I was in my early 40s when I first asked my mother to find me a menorah.
It made her kvell when I asked. She was so happy, I’m pretty sure she dropped everything and ran to the store.
I have never followed my family’s faith. I ran from it from the time I was small. I actually told my parents that if they forced me to go to Hebrew school, I would run away. I don’t know why I had these feelings, but for as long as I can remember, I had what can only be described as an archetypal aversion to my given religion of Judaism.
It wasn’t even like my parents were that religious. We only attended the synagogue—which was actually a community center that had been transformed into a temple—about three times a year. But each High Holiday, we dressed in our finest and they would drag me with them, kicking and screaming all the way.
In grade school, I was invited to midnight mass with my best friend. I remember walking into the white stone church, the sound of our footsteps echoing through the cavernous space, and marveling at the statues of Jesus and the Virgin Mary, while simultaneously being swept away by the intoxicating scent of burning incense. And then the congregation lined up for the Eucharist blessing and received the wafers and wine. In comparison to the Jewish Community Center, this was incredibly mysterious and larger than life.
I was only 13 when I made the connection that it’s not safe to be Jewish.
We were living in New York and I had just gotten a work permit. There was a neighborhood bakery and it seemed like the perfect place to get my feet wet learning a trade. They hired me to help behind the counter.
My mom worked with me for a week, helping me learn to count change. I practiced for hours until I knew I could go to work without giving away the bank. I felt so grown up going to work on the weekends and everyone was so friendly. At the end of each day they would load up bags of the day’s goodies that hadn’t sold to share with my family.
For my 13th birthday, my grandmother gave me a tiny antique Jewish star. I treasured it because it was small, delicate and surrounded by a circle, so it didn’t look like a Jewish star. Until that point, I had been unwilling to wear anything that would signify my faith. There was something about this little star in a circle that felt ancient to me and despite my apprehension, I wanted to wear it.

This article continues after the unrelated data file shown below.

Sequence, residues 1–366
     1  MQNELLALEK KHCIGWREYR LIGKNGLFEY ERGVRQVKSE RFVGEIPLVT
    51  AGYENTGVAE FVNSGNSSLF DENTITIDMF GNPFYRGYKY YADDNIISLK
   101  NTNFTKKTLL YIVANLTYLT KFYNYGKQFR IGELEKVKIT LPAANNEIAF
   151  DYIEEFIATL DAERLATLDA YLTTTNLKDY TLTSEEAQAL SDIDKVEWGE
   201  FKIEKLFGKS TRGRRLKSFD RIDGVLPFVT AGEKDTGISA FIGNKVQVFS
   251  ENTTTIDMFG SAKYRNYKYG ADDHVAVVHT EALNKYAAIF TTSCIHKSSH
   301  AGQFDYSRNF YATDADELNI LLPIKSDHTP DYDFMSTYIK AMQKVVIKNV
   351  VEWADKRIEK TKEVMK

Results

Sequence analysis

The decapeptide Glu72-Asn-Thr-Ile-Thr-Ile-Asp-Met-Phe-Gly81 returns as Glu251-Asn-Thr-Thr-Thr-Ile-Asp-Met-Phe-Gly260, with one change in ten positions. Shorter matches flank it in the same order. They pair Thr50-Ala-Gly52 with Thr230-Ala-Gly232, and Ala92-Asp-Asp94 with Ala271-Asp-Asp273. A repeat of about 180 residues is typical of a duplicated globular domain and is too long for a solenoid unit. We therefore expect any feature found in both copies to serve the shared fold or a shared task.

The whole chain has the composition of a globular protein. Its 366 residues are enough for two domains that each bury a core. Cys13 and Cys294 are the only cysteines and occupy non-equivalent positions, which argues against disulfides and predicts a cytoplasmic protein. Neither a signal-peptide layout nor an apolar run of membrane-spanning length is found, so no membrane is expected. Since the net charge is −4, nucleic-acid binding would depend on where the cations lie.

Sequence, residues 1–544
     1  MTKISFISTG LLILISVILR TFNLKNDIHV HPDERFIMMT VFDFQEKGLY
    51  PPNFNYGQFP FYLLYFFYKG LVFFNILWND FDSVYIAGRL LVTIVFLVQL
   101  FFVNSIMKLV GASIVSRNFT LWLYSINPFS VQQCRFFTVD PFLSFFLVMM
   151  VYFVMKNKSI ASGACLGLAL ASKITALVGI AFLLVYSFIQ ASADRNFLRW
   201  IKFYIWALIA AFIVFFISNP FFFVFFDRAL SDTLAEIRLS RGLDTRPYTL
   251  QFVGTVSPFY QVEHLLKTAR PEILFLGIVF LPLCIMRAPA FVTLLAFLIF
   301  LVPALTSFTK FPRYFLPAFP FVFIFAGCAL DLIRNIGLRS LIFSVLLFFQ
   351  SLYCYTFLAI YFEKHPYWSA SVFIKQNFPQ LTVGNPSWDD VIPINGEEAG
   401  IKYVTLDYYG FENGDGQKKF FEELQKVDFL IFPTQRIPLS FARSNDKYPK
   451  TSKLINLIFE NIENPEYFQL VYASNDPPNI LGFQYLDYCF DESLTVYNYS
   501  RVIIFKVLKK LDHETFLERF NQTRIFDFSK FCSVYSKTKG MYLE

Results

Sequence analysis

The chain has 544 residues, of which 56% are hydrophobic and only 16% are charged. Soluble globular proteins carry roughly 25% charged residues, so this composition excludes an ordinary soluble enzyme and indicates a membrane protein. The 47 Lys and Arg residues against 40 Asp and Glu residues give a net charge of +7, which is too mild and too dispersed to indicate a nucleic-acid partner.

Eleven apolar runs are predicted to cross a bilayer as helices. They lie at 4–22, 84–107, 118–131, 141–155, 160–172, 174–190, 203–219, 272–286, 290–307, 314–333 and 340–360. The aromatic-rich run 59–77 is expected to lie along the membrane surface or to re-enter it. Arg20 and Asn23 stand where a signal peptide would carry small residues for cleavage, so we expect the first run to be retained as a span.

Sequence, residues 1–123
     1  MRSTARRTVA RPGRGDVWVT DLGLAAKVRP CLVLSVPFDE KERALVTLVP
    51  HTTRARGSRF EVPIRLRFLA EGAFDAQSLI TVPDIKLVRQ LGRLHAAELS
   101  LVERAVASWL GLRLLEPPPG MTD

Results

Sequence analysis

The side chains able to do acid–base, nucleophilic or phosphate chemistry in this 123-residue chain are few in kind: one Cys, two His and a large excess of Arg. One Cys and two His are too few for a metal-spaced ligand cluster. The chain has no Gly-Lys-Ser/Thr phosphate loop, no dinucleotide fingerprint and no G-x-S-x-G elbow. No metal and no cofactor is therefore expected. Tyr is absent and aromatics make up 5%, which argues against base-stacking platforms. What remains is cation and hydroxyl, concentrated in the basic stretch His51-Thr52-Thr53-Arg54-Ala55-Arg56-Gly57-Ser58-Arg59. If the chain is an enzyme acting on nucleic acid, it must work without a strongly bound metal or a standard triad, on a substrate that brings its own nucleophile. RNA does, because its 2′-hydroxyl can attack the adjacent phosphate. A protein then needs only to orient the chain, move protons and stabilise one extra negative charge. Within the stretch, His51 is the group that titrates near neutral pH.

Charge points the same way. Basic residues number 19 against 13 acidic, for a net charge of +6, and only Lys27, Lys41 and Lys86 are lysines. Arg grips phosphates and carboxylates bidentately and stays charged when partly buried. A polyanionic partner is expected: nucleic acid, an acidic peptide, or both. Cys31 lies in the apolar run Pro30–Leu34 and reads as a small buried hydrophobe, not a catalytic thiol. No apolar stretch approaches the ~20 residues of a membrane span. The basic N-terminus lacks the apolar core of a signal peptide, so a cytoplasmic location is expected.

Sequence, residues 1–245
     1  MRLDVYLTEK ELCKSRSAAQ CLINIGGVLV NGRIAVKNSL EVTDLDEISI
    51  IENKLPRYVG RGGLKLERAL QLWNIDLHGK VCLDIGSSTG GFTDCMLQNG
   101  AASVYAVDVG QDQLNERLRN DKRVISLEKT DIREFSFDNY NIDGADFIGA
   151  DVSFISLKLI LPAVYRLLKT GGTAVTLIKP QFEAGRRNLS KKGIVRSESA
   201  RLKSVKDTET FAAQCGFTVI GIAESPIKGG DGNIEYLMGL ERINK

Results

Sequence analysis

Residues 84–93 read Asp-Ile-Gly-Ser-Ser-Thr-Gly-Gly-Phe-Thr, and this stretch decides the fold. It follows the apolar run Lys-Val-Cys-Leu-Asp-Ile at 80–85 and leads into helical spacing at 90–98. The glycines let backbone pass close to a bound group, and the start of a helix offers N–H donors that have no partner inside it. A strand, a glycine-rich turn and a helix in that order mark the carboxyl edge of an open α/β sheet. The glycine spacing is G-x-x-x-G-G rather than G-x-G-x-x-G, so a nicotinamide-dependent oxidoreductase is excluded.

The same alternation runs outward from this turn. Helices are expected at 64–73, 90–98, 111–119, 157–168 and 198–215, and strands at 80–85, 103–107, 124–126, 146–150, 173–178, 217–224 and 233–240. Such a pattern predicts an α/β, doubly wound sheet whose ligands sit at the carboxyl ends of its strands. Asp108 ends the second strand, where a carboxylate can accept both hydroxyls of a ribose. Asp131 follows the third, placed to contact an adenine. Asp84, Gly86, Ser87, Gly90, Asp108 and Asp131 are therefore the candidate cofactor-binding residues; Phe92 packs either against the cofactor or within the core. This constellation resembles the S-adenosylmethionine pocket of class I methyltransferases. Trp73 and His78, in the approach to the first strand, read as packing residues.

I walked into the bakery wearing my birthday gift and the day began as usual, working with customers and filling boxes up with cookies and cakes. About mid-day, the owner asked me to work in the basement folding boxes. This wasn’t that unusual, but typically it was only for about 30 minutes at a stretch. I spent the remainder of the day downstairs in the windowless room.
Each day I arrived to work and was no longer invited to work with customers. I was immediately sent to the basement, where I folded boxes all day, until I found the courage to tell my mother what was happening. Without making a big deal about it, she told me I didn’t have to go back and I never did.
Whether the turn of events was a workplace coincidence or an anti-Semitic reality, my mind decided I had been right all along. It was better to hide and so that’s how I’d been living until the day I called my mother to tell her I wanted to light the Hanukkah candles. My mother called back the same day to share that she had found the perfect menorah for me. It was already in the mail.
When I opened the box I felt like the artist who made the beautiful ceramic piece had channeled my life.
It was a Chagall-inspired menorah and I had never seen anything like it. On the front side, there was a blue violinist floating in front of a white crescent moon, a young girl soaring through the clouds holding wild flowers and in the center, what took my breath away, was a big red horse. On the back, a young artist in a beret stands before the Eiffel Tower, an over-sized yellow and red chicken standing proudly by her side.
The horse held the most significance for me. How could my mother have known that they would return to my life 11 years later, to carry me through the grief of her loss?
What I understand now from this vantage point is that in my early rejection of my heritage, I carried deep unconscious fears about being “Jewish.” My great-grandmother Sarah, for whom I was named, was raised in the woods by a Gypsy family in Russia, after her family was slaughtered in the Pogroms. I don’t have conscious memories of knowing this story until I was 30 and my grandmother shared it with me, after I showed her photographs of the garden I had grown in my Colorado backyard. She told me how much I reminded her of her mother’s spirit, and for the first time I felt a deep connection to my roots. Somehow my life finally made sense.
Each year at this time, I light my menorah in honor of my ancestors and especially my mother, as more than anything it was tradition that was so important to her.
Because I was unwilling to learn about my history, I am actually flying blind when it comes to the holidays. Last year I found a song, complete with phonics, that I now sing when I light the candles. It helps me feel some connection to the tradition, to my relations and to the process.
I didn’t have official candles last night, but I was compelled to follow through with the promise I made to my mother to keep her tradition alive. So I lit a tea light and placed it in front of the menorah. Today I will find some proper candles and burn them in her memory.
In my life I have embraced many forms of spirituality and have woven them into my daily life. My altar is fluid and ever changing. So to those of you who celebrate—and for those who may not—let there be light and peace all around the globe.
Prayer-eoke: First Chanukah Candle Blessing.
Why Christmas is not just for Christians: 10 “Christmas” Traditions that are Actually Pagan.
Author: Sheri Gaynor
Editor: Nicole Cameron
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